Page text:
Sometimes, equal ownership business partners work together in such a way that one could conceivably continue to run the business on their own. Others have responsibilities in one area of the business that is crucial to the company’s success and, therefore, indispensable; for example, when one business partner drives 90 percent of sales and another runs daily operations. During a partnership buyout, we help by considering projected performance post-close, without the partner(s), to decide whether and how to separate the company.


Deal Price and Structure Are Crucial

In most cases, partners fail to agree on price, creating an opening argument. The deal structure can become a point of contention as well. Buying out a partner with company profits can leave the business depleted for the remaining partner(s). If businesses don’t have profits to draw from, successfully engineering the sale entails increased creativity.

In any event, we know one thing: failure is not an option. We have to make it work—for the partners, for their families, and for the business. It is so much more than a split; it is Exit Engineering® on a human level. We are every bit as ready to help mediate as we are to orchestrate.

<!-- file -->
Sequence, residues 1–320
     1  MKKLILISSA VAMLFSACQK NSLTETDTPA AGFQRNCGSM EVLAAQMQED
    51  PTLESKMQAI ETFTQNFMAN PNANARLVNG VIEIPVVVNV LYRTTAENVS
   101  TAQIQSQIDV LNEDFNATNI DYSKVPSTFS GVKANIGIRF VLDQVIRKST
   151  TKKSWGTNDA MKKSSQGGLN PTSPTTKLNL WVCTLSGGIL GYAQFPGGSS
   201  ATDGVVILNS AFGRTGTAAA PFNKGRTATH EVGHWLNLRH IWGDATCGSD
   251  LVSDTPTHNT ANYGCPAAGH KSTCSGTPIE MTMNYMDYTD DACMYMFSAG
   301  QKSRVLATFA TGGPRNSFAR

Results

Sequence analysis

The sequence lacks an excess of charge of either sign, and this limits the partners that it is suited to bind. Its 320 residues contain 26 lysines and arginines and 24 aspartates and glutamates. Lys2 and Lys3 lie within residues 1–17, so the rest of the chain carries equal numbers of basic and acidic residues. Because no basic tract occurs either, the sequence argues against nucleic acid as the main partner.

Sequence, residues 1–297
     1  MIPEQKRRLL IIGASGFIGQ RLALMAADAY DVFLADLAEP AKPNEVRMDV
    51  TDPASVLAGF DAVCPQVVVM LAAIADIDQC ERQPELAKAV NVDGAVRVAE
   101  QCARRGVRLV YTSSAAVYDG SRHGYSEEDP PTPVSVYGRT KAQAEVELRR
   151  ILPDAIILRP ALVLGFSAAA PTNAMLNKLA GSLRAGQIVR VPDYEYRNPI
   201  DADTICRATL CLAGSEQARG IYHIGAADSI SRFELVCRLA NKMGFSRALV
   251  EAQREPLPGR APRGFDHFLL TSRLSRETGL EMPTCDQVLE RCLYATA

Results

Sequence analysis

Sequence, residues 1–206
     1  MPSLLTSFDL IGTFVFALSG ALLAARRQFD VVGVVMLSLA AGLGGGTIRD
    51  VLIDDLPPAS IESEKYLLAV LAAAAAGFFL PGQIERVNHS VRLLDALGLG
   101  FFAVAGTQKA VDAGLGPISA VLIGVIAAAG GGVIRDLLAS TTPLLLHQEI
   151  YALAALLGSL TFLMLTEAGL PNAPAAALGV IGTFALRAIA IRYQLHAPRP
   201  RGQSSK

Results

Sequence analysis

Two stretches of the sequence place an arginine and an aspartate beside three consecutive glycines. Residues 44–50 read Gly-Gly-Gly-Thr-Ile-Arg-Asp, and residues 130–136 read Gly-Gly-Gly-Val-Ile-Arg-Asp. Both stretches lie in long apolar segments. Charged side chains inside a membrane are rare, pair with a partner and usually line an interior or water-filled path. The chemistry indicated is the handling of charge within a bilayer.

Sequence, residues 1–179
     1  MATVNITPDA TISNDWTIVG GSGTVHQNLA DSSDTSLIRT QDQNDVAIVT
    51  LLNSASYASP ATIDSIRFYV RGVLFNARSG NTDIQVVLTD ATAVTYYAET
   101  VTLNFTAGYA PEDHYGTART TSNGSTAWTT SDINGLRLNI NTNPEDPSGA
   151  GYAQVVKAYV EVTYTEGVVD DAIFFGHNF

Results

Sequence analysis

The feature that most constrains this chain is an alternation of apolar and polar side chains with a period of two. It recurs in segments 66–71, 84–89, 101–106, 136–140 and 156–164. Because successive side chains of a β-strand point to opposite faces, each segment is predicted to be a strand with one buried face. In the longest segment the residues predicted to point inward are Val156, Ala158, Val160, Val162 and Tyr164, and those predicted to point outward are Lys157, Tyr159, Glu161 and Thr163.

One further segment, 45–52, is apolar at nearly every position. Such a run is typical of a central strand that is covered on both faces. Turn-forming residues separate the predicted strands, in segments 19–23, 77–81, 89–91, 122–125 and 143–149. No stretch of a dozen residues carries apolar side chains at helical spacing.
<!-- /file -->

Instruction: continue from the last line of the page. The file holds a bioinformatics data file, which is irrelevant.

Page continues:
How do you end a 50/50 partnership?

Ending a 50/50 business partnership is not as simple as cutting operations and closing your doors – however, it doesn’t have to be wildly complicated either. When business partnerships dissolve, the individuals involved in the relationship cease to be partners in a legal sense. Even then, the partnership will continue until all of the business debts are settled, the business’ legal existence is terminated, and all of the company’s remaining assets have been distributed.

All in all, there are five key steps to take when looking to end your 50/50 business partnership.